OTTAWA, ON (July 6, 2023): Contemporary discussion of climate policy overwhelmingly focuses on mitigation, or emissions reduction. Little to no attention is paid to the option of adaptation, despite an excellent record of success. Policy makers should consider whether measures which allow people to adapt to shifting climate and weather patterns may in fact be a less costly and more effective means of promoting social welfare.
In this new MLI paper, Adaptation needs greater focus in climate policy, Ross McKitrick argues for the adoption of an adaptation-based climate policy. Mckitrick explains that mitigation policies have failed and will continue to fail due to unrealistic goals:
“Thirty years of policy experience has shown that preventing global emissions from rising… is not going to be feasible. Meanwhile, a solid body of research has shown that adaptation to past weather and climate variations has been successful,” writes McKitrick.
McKitrick explains two reasons behind the failure of the climate mitigation agenda: the size of proposed emission reduction policies relative to the carbon cycle, and the leakage problem.
First, eliminating net human emissions to the atmosphere would require cutting global CO2 emissions by about 50 percent. However, climate policy proposals have generally only sought to reduce global emissions by a few percent. For example, commitments made by countries participating in the Kyoto Protocol would have reduced global emissions by about 2.5 percent.
“To an even greater extent therefore, all domestic Canadian policies are likewise utterly irrelevant to the progress of climate change over the coming century,” writes McKitrick.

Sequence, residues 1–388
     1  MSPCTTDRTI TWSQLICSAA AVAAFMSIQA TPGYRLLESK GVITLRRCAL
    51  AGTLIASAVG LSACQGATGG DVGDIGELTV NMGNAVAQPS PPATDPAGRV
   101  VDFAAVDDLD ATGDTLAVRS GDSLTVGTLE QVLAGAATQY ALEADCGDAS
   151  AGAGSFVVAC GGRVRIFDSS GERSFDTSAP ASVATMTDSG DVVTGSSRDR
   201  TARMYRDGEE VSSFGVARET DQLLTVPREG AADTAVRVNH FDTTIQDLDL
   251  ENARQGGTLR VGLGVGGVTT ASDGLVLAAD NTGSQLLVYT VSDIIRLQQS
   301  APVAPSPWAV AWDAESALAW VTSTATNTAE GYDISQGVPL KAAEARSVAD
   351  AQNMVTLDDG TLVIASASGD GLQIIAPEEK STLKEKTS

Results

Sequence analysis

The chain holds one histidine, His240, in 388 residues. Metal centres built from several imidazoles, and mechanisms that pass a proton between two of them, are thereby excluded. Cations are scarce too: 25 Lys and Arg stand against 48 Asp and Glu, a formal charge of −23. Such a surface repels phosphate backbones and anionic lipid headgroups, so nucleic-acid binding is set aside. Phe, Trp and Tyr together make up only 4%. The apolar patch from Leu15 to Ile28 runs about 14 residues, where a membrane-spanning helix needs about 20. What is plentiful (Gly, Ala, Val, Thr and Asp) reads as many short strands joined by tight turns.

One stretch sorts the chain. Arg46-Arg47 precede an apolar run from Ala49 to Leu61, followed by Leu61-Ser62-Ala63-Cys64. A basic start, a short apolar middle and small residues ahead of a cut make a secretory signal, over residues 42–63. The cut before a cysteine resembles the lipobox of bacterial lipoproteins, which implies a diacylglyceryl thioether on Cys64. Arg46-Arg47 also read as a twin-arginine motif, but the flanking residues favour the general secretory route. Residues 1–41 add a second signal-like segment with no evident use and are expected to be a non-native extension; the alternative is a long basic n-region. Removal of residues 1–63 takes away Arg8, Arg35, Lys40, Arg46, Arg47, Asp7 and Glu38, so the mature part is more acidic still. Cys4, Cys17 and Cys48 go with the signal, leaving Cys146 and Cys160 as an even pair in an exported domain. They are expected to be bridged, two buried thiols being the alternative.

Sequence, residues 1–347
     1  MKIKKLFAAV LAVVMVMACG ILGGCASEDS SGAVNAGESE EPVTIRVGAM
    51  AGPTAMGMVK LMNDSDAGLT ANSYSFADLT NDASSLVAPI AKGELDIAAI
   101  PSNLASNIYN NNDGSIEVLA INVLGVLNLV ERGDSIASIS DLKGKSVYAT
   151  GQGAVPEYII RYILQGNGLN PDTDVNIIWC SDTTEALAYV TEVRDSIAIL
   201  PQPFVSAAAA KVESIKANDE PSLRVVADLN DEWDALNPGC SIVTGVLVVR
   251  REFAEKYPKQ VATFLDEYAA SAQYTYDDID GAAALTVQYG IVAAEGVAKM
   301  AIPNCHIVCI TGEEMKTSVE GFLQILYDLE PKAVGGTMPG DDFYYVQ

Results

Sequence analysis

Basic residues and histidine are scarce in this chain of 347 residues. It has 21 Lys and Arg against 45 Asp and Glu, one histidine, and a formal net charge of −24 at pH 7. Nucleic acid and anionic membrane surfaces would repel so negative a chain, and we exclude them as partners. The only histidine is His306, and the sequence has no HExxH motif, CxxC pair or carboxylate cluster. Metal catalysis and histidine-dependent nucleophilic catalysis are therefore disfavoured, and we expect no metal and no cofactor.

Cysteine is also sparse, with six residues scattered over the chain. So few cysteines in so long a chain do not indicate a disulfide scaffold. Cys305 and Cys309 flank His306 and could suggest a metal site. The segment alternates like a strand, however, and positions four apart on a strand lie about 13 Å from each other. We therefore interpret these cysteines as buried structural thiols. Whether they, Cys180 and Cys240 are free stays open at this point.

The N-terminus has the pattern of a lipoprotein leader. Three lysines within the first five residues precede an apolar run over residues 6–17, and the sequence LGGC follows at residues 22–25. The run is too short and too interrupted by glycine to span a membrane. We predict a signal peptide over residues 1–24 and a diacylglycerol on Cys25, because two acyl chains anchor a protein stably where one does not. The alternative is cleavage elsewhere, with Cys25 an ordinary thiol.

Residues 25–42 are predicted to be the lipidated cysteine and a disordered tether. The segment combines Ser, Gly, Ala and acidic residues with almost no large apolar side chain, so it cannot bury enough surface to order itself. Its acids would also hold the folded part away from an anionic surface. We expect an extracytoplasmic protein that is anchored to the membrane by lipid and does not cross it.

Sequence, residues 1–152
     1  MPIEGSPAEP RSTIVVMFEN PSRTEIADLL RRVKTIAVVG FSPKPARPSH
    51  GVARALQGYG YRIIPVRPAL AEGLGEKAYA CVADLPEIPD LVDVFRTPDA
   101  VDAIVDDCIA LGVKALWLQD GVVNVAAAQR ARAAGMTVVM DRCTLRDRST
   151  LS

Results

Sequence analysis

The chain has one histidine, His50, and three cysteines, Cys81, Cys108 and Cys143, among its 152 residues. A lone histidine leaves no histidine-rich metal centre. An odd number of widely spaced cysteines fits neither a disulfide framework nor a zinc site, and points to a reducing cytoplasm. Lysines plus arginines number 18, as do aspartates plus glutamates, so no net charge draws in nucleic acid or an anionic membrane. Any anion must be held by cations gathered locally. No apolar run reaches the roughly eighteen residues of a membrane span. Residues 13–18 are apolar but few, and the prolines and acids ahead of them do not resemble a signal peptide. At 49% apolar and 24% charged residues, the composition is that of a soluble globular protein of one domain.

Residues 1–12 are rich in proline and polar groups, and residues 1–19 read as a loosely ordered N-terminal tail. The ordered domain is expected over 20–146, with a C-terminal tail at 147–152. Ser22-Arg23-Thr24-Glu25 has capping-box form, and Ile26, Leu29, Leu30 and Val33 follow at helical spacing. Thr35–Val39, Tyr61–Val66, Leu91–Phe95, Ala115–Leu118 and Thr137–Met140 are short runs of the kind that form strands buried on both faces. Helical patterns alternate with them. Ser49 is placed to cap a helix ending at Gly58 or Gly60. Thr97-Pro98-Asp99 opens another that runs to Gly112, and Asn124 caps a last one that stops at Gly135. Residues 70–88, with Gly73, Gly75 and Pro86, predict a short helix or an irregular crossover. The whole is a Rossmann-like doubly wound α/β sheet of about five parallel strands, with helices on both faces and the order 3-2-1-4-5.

Second, when an international emissions control treaty binds some regions but not others, it incentivizes industries to simply relocate production to the non-participating regions to mitigate higher costs. This is referred to as carbon leakage. Since climate does not respect international borders, a climate policy that simply rearranges the location of emissions but does not reduce them is futile.
In his evaluation of the effectiveness of adaptation measures, McKitrick looks at how they have been shown to reduce vulnerability to climate and weather risks. As examples, he cites how reliable access to electricity has reduced mortality risks associated with temperature variations (through access to heating and air conditioning) and how affordable energy and nitrogen fertilizers have contributed to combating the effects of climate change on agriculture.
“Thirty years of policy experience has shown that preventing global emissions from rising, or the climate from changing, is not going to be feasible,” concludes McKitrick.
“Policy-makers must confront this imperative and make a specific priority of avoiding mitigation measures that harm peoples’ ability to undertake defensive adaptation measures to address future weather and climatic variations.”
To learn more, read the full paper here:
Ross McKitrick holds a Ph.D. in economics from the University of British Columbia (1996) and is a professor of economics at the University of Guelph in Guelph, Ontario. He is the author of Economic Analysis of Environmental Policy published by the University of Toronto Press in 2010. He has been actively studying climate change, climate policy, and environmental economics since the mid-1990s.
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